Kesi Irvin cycling around Paris

Photo: Kesi Irvin

Irvin says it’s important for her and Alex to share a meal together in the evening, so she usually cooks for them and Alex then cleans up. “Then if there’s an event like a concert, or if there’s been a free bouldering event recently, I sign up because I want to make new friends,” she says.

Irvin has faced a few challenges as she adjusts to life in France, namely that she does not speak French. “I studied French for seven years growing up, but my French is minimal,” she says. “I really don’t know much, which is probably one of the reasons I’m most excited to live here, because I’m that stereotypical American who only knows English.” Irvin uses the free version of the Memrise app to learn the language.

Learning about cultural customs was another struggle. “[I’ve noticed] The French work their own hours, so the shops are only open for a few hours – they can be open from 11 a.m. to 2 a.m., then from 7 a.m. to 10 a.m., “she says.” I’m trying to get used to the schedule. . “

Obtain a long-stay visa from France

Irvin’s tourist visa only allows her to stay in the country for 90 days, so she is in the process of applying for her long-term visa. This process requires proof of income (earning at least $ 75 per day for 365 days) and a multitude of documents: scanned copies of Irvin’s passport, his birth certificate, letters of declaration for his stay, medical insurance. , proof of accommodation, three months’ value of checking and savings account statements as well as credit card statements.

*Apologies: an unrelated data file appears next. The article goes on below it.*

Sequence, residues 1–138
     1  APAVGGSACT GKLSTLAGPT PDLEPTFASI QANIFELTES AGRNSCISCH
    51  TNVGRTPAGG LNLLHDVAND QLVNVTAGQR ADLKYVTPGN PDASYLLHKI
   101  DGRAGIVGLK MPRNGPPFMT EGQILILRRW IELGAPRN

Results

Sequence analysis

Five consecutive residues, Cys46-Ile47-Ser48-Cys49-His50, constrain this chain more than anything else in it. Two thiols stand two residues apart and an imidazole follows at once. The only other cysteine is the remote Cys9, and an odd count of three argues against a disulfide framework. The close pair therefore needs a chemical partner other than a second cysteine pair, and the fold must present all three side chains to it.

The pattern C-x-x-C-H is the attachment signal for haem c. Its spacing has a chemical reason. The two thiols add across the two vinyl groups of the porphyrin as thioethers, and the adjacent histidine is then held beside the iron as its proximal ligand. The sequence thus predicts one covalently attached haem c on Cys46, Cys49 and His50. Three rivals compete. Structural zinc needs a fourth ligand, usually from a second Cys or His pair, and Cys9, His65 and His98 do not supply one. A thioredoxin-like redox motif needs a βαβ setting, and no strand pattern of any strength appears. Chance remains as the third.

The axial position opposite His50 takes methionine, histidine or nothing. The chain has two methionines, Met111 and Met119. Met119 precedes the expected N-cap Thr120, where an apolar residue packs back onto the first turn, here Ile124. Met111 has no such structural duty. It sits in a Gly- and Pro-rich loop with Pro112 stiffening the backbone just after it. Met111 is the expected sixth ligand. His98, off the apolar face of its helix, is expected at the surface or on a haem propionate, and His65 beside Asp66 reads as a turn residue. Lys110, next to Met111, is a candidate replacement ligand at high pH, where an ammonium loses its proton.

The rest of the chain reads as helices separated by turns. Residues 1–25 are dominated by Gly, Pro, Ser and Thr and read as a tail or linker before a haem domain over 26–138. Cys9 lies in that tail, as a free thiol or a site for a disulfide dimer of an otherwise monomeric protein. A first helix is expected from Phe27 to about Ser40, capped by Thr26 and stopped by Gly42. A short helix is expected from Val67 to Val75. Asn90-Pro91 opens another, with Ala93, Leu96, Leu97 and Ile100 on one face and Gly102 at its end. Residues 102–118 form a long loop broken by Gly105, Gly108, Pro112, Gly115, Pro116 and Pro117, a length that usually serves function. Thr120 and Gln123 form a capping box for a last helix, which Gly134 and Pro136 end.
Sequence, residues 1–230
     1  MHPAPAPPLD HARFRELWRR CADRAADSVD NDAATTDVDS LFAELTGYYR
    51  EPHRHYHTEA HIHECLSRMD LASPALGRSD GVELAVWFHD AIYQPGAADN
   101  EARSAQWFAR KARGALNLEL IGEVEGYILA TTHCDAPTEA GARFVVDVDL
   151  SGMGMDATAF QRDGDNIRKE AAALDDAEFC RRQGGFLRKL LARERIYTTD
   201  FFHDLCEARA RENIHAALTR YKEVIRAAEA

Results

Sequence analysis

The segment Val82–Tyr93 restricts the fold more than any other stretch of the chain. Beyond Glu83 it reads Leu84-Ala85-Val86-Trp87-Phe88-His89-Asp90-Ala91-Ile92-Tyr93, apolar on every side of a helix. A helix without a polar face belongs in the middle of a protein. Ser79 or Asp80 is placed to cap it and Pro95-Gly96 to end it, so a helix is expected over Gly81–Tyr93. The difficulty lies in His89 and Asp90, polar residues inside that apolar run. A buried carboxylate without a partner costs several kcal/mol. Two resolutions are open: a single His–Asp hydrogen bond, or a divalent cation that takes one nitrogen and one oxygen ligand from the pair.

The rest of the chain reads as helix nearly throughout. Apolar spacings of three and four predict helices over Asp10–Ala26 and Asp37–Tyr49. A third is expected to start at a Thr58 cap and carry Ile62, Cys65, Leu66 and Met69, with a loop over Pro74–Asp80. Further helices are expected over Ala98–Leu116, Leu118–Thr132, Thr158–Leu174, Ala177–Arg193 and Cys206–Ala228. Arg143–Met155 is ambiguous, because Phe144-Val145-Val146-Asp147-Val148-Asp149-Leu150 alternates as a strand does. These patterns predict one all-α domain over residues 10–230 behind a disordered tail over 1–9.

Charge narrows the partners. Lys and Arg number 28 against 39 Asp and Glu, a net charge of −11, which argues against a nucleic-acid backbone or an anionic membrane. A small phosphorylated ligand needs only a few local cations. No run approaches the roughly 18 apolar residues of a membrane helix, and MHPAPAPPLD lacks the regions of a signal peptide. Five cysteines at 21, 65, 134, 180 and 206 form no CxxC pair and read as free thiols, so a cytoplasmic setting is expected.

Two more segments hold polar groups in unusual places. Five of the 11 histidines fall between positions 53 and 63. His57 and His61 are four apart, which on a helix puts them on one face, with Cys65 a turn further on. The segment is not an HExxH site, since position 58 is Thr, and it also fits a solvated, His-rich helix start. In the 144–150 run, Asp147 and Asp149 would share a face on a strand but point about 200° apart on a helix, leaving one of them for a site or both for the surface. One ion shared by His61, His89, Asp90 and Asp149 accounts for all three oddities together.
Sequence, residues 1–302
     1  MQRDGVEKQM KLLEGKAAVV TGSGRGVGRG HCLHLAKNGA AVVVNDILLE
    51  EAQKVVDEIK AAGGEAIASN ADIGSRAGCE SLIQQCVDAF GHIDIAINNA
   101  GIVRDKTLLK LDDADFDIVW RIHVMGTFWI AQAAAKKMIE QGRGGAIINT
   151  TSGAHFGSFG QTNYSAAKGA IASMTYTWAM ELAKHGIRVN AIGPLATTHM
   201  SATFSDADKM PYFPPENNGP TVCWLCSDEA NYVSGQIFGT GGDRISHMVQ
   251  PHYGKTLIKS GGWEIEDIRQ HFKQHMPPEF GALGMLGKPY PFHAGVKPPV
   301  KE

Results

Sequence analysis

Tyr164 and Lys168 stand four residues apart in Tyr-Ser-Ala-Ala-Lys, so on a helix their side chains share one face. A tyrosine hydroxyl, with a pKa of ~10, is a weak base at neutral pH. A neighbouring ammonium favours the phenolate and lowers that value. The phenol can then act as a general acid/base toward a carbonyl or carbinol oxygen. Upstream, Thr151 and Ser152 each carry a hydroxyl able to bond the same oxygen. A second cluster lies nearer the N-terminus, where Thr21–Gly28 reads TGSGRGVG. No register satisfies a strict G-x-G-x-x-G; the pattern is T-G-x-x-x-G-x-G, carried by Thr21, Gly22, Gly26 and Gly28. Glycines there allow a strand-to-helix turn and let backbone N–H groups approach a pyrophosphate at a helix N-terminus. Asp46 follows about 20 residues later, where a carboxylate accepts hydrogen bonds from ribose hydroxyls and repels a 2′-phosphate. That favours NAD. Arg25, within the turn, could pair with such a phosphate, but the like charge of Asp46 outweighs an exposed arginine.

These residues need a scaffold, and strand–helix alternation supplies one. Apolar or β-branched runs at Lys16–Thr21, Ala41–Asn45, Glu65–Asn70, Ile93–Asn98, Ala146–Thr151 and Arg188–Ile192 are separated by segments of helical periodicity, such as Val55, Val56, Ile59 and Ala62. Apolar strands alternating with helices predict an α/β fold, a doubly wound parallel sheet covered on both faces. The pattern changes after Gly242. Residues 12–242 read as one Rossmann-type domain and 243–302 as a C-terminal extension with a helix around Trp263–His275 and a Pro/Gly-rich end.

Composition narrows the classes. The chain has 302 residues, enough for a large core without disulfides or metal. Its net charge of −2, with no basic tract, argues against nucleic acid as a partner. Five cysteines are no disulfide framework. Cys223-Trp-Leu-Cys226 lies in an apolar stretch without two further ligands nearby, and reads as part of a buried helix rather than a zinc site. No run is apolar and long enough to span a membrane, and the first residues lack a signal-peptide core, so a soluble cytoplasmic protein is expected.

Soon Irvin will be returning to the United States to apply in person, as documents must be submitted to the French embassy or consulate in the applicant’s country of residence. She is optimistic that her visa application process will go smoothly as she has a US passport and is self-employed. “I’m not trying to make financial gain in France, I just work here for myself,” she says.

Currently, Irvin has about $ 100,000 combined in his chequing, savings and investment accounts. “As long as you show enough money in your accounts… for my stay here, that’s usually what matters to people,” she explains.

After spending six years living outside the United States, Irvin never sees himself living there again. “I don’t think I’m going to stay in France, but you never know,” she said. “I never thought I would live in France in the first place… I might end up really enjoying my stay here!”

As for her next home, Irvin says she has considered moving to Germany, where Alex is from, or Guatemala, which is one of her favorite countries. “I’m open, just give me a globe, I’ll spin it!” she says. “I’m up for some random adventures.”

To verify:

This 35-year-old man left the United States for Croatia: “I live on 47 dollars a day, this is how I spend my time”

This couple retired at 40 and moved their family to Portugal. This is how they did it

This 65-year-old retiree lives in Mexico on $ 1,500 a month. Here’s why she “never returns to the United States”